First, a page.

Sebastian Junger tells Terry Gross about the day the late photographer Tim Hetherington started taking pictures of sleeping soldiers while the two were filming Restrepo:
It was a very hot day, boring day. We hadn’t been in a fire fight for at least a week, perhaps more, and the guys were just zoned out. … [S]oldiers kind of sleep as much as they can. One of them said to me, “You know, if you sleep half the time it’s only a six-month deployment,” and so they were sleeping in the middle of the day, sprawled on the ground in their little bunks … and the flies were buzzing around and Tim was scuttling around photographing them. I was like, “Tim, man, what are you doing?” For me it was the ultimate situation where nothing’s going on journalistically and you can just space out and he said, “Don’t you get it? All the photos you see of soldiers, they’re all geared up and they’ve got their weapons and they’re all tough-looking, but when they’re asleep they look like what they really are which are little boys.” And they did: they all looked like they’re about 10-years-old, so vulnerable, you know. And no nation wants to think that their soldiers are vulnerable, but of course they are and Tim saw that.
Nevalla, Korengal Valley, Kunar Province, Afghanistan, 2008. © Tim Hetherington via the International Center for Photography
GlobalPost and Tracey Shelton won a Polk Award for coverage in Syria.
From her latest report:
Mohammed Ali, a rebel fighter for Suqur al-Sham brigade, was among the first to enter the cells to free the prisoners.
“There was a state of panic and fear among the prisoners,” he said as he walked through the now empty and largely destroyed cells.
“They had undergone the worst kinds of torture. As we entered, the regime guards had conducted field executions, shooting on some prisoners who were screaming for help and asking us to save them.”
Photos by Tracey Shelton/GlobalPost
BUZZARDS BAY, Mass. — It’s been a bad week for Washington’s image.
First, a leaked Justice Department memoprovided a handy legal framework to justify the US government’s killing of its own citizens without even a semblance of due process. Then a report by a respected international body alleged, in excruciating detail, gross violations of international law by the United States and its allies in a process known as “extraordinary rendition.”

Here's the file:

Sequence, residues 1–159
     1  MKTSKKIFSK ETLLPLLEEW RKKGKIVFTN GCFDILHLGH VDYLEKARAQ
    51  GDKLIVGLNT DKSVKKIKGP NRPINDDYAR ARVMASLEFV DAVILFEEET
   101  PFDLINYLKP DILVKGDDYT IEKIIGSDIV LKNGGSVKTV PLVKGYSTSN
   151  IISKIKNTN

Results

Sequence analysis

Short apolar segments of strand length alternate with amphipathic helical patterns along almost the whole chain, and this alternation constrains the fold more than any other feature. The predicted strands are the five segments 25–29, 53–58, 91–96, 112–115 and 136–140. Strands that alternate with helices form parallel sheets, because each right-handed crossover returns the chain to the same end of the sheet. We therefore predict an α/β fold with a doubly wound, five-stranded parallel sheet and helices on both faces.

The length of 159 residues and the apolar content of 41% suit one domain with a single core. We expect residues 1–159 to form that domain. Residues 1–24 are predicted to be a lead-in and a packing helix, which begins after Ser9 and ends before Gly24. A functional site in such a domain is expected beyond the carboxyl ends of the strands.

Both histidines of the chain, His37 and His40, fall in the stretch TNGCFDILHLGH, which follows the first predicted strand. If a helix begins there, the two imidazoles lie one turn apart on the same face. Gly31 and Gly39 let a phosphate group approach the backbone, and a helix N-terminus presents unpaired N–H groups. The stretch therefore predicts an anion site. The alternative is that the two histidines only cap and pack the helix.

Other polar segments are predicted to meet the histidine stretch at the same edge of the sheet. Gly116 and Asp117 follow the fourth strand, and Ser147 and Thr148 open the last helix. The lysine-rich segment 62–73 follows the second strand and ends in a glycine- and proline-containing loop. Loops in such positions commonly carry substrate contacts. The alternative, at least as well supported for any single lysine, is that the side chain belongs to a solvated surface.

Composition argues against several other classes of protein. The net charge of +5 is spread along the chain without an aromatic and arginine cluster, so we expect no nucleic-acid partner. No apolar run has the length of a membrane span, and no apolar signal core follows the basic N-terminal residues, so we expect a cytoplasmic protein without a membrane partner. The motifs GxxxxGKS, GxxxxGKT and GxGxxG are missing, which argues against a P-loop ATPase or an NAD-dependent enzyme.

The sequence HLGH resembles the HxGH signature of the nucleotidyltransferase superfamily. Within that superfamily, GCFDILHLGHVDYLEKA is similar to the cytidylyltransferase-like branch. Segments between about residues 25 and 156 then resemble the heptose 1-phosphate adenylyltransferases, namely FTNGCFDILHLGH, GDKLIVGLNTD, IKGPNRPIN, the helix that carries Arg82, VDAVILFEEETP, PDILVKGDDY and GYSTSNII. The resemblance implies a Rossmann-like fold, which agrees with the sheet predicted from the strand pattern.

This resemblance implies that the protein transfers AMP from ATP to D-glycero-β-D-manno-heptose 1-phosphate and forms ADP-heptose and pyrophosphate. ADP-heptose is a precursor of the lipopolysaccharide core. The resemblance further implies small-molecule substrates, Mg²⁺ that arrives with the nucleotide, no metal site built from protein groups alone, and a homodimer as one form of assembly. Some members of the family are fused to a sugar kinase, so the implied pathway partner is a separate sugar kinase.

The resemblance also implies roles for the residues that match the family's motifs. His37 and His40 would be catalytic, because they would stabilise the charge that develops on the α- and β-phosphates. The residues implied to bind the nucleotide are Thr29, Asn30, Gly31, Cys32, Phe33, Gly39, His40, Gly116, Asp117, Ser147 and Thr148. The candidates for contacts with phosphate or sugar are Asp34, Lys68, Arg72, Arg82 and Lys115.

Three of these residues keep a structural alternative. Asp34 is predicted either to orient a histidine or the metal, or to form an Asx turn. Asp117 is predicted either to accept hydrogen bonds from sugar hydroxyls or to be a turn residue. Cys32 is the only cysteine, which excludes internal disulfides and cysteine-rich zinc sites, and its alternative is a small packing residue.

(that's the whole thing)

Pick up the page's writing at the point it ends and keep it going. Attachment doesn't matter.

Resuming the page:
And Tuesday night, The New York Times website revealed the location of a previously secret drone base in Saudi Arabia from where the United States launches strikes against Al Qaeda militants inside Yemen — including US citizens.
The revelations come at a particularly sensitive time for Barack Obama. As he heads into his second term, the president is crafting a new foreign policy agenda with a brand new team. Confirmation hearings for Obama’s pick for the Pentagon were very contentious, and the nominee, Chuck Hagel, hasn’t yet been confirmed.
Another key post, head of the Central Intelligence Agency, is also likely to be hard going for the White House, with John Brennan set to face the Senate Intelligence Committee on Thursday.
Photo by AFP/Getty Images
The United Nations-Arab League peace envoy for Syria said the conflict has reached “unprecedented levels of horror.”
“The country is breaking up before everyone’s eyes,” Lakhdar Brahimi told a closed door meeting of the UN Security Council, the BBC reported. ”Only the international community can help, and first and foremost the Security Council.”